PULLMAN, Wash. – The sweep of Palouse hills viewed from his lab seems a fitting vista for Jeff Vervoort, an expert on the geochemical evolution of the Earth’s crust. In recognition of his original research on the composition of the crust and mantle, the Washington State University associate professor has been elected a fellow of the Geological Society of America (GSA).
 
He specializes in radiogenic isotope geochemistry—a field of study that measures the isotopic composition of various elements to determine the age, origin and chemical makeup of ancient geologic materials.
 
“Most of my work is in the earliest years of the Earth, looking at the source of the material in the continental crust and tracing how its chemistry and composition have changed as the Earth has evolved,” said Vervoort.
 
Explaining the physical world
Vervoort has traveled extensively and studied samples from all seven continents. Last December, he spent “six weeks in a tent at 6,000 feet and 85 degrees south” studying the Transantarctic Mountains as part of a grant funded by the Office of Polar Programs of the National Science Foundation. The New York Times published several blog entries from Vervoort during the expedition.
 
Always interested in the “big picture” of natural science, Vervoort earned his bachelor’s degree in zoology before finding his passion and earning a Ph.D. in geology at Cornell University.
 
“Earth science combines physics, chemistry, math and biosciences to help us explain the natural world,” he said. “It helps us understand the landscape around us: the mountains, the rivers, the lakes, the oceans, the deserts. It explains why the physical world is the way it is. That is what I love about it.”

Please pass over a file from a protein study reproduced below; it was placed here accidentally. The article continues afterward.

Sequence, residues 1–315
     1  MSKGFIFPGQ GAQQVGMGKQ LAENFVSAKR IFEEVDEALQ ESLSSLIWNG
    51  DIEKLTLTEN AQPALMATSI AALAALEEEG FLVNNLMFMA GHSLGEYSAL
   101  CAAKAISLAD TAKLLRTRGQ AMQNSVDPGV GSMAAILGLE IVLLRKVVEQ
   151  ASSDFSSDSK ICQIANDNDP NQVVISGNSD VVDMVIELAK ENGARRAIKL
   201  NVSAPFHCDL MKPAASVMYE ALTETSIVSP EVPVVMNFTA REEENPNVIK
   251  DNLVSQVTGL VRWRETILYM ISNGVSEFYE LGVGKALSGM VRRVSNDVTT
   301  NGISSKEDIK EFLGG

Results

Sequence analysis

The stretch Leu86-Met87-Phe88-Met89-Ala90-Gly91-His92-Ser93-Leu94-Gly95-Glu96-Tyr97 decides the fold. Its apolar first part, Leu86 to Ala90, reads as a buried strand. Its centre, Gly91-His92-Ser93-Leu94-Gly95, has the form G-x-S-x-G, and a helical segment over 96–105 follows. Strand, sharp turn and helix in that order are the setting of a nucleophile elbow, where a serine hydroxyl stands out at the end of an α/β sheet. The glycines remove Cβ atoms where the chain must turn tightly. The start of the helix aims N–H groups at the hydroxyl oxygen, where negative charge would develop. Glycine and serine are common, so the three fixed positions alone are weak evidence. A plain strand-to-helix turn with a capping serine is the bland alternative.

Looking back 4 billion years
At WSU, Vervoort directs the Radiogenic Isotope and Geochronology Laboratory (RIGL). Inside this high-tech clean lab, he and his research group analyze planetary materials of all kinds—everything from mud to meteorites.
 
Additionally, scientific visitors from all over the world regularly come to Pullman to work in the RIGL with Vervoort. Recently, he collaborated with a colleague from Lyon, France, to trace hafnium isotopes in a 4 billion-year-old rock sample from the Northwest Territories in Canada. Results from the experiment will be ready for publication later this fall.
 
Vervoort also teaches Introductory Oceanography, a popular undergraduate course he created shortly after arriving at WSU in 2002.
 
“We track hurricanes and other contemporary news about the Earth to develop an understanding of the basic principles of oceanic phenomena,” he explained.
 
Peer recognition
The GSA, established in 1888, is a global professional organization dedicated to advancing the geosciences and to promoting stewardship of the Earth. Vervoort will be honored on Oct. 9 at the annual meeting in Minneapolis.
 
Vervoort’s fellowship is the third such honor for WSU; professors Kent Keller and Gary Webster are also GSA fellows.
 
About the College of Sciences
From the molecular interactions of solids and liquids to the extreme physics of space, and from global biodiversity to energy policy simulations, the College of Sciences is at the core of WSU’s research initiatives. Over the past five years, faculty and research staff have been awarded more than $120 million in research grants.
 
Students at all levels have exceptional access to research faculty and opportunities to work on real-world issues in modern laboratories. Undergraduates can choose from 11 distinct majors and more than 30 specializations to match their strengths and interests.
 
Associated link: Journey to the bottom of the earth
 
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Source:
Jeff Vervoort, School of Earth and Environmental Sciences, 509-335-5597, vervoort@wsu.edu
 
Media contact:
Joanna Steward, College of Sciences, 509-335-3933, jsteward@wsu.edu